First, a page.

I was born a girl, and because of that, there were times when things were different for me than they were for my younger and older brothers. At the time, I figured that it was just the way the world was. Girls did particular things, while boys did others. It was like a rhyme that my classmate and I chanted as we hopscotched and skipped rope: “Boys go to Jupiter to get more stupider, girls go to college to get more knowledge.”
The first time it didn’t sit right with me was when my younger brother was allowed to go camping before I did. The only excuse I was given was that as a boy if anything bad happened to him, he’d be able to defend himself.
I figured that was somewhat correct.
[bctt tweet=” Girls did particular things, while boys did others.” username=”wearethetempest”]
Other Latino families seemed to think the same thing. As I became older and began to embrace being a Latina more, I found myself uncomfortable with the cultural expectation that women would act one way and men would act wholly different from that. High school started and, while my parents didn’t give any of us the talk, my siblings and I began having crushes and getting into relationships behind their backs.
At one point, my brother had a girlfriend, but it was hard for me to talk to my parents about liking a boy. It was still only a minor frustration, though.
[bctt tweet=”My brother had a girlfriend, but it was hard for me to talk about liking a boy.” username=”wearethetempest”]
A few years later, I learned that my mother had a half-sister. I wanted to know if she was older, a child from one of my grandparents’ older relationships. My mother wouldn’t say. Soon after, I was visiting an older cousin and badgered him about our aunt. Just like I had, he used to think she was just a regular aunt. He then told me that she was the youngest daughter, that our grandfather had her with another woman. I looked shocked, so my cousin revealed that our aunt’s husband had also cheated on her and also had hidden a child from her for a few years. As bad as I felt for my aunt, I found myself more confused that no one had ever talked about this situation openly before.
If a woman was a single mother, she was looked down upon, almost ostracized. But I began to realize that no one ever really insulted the other half of the equation: the father.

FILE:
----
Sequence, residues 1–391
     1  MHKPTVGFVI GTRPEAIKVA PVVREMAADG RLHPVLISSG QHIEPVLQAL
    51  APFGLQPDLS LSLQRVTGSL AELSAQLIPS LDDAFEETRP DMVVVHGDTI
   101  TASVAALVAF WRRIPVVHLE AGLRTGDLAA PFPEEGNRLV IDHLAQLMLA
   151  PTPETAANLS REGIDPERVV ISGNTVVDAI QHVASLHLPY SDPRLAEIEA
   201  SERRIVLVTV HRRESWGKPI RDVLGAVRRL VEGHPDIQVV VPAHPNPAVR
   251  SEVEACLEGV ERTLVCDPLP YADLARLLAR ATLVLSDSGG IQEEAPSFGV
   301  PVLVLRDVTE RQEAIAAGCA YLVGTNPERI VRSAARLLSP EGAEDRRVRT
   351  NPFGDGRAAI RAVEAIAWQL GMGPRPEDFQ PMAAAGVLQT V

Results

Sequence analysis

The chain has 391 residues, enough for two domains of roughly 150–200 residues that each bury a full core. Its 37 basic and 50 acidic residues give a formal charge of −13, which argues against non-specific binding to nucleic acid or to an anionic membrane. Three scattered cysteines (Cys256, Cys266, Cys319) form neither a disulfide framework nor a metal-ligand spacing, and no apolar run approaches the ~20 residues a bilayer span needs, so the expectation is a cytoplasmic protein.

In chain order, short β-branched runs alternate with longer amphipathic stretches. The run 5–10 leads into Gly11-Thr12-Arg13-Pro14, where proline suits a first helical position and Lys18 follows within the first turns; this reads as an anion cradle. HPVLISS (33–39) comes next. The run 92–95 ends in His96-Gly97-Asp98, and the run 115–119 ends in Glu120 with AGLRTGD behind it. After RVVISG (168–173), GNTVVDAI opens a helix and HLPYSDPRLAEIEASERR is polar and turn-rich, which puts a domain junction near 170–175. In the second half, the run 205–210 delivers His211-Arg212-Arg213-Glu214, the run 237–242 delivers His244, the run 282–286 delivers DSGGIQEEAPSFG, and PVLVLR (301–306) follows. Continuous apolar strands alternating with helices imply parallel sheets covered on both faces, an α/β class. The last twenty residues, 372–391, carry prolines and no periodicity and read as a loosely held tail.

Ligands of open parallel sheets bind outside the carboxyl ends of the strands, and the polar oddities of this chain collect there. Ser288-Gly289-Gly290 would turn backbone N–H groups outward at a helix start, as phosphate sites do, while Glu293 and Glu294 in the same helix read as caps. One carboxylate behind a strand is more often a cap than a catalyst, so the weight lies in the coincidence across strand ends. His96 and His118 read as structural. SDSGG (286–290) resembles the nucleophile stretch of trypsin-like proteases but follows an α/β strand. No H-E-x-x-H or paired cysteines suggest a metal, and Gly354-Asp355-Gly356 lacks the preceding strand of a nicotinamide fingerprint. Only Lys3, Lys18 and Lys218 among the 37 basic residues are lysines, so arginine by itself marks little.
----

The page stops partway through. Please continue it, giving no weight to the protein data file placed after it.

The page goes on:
At first, I was a bit disillusioned because I liked my uncle and I adored my grandfather. But then, not too long ago, I found out that my mother’s eldest brother also had a child that he tried to hide from his wife. My cousins refuse to speak to him about her, even though he doesn’t act like what he did was all that bad.
Not too long ago, my cousin helped her father file for residency in the U.S. so that he could be near her and her husband. He asked her to file for his other daughter – her half-sister, born of an extramarital affair – as well.
When she blew up on him, he didn’t understand why it was so bad. I remember trying to bring it up with a few men on my mother’s side of the family, and they didn’t seem to think much of it.
[bctt tweet=”If a woman was a single mother, she was looked down upon, almost ostracized.” username=”wearethetempest”]
I eventually gave up on trying to talk to them about it.
Whenever I tried to make a point about why it was wrong, relatives would just scoff and kind of just say that I was upset because I was a feminist. Though a lot of my relatives respected feminism and supported me, some of them acted as if it was some sort of joke and that I’d come around once I was older and married. That made it hurt so much more whenever my uncles would let my guy cousins get away with certain things, but had a different set of rules for their daughters.
[bctt tweet=”When she blew up on him, he didn’t understand why it was so bad. ” username=”wearethetempest”]
That disparity became apparent to me during a few recent family gathering. When a cousin of mine was preparing for his second marriage, everyone was so excited to see him and his new bride. His older sister, who had also been married and divorced twice, was attending the wedding with her new boyfriend.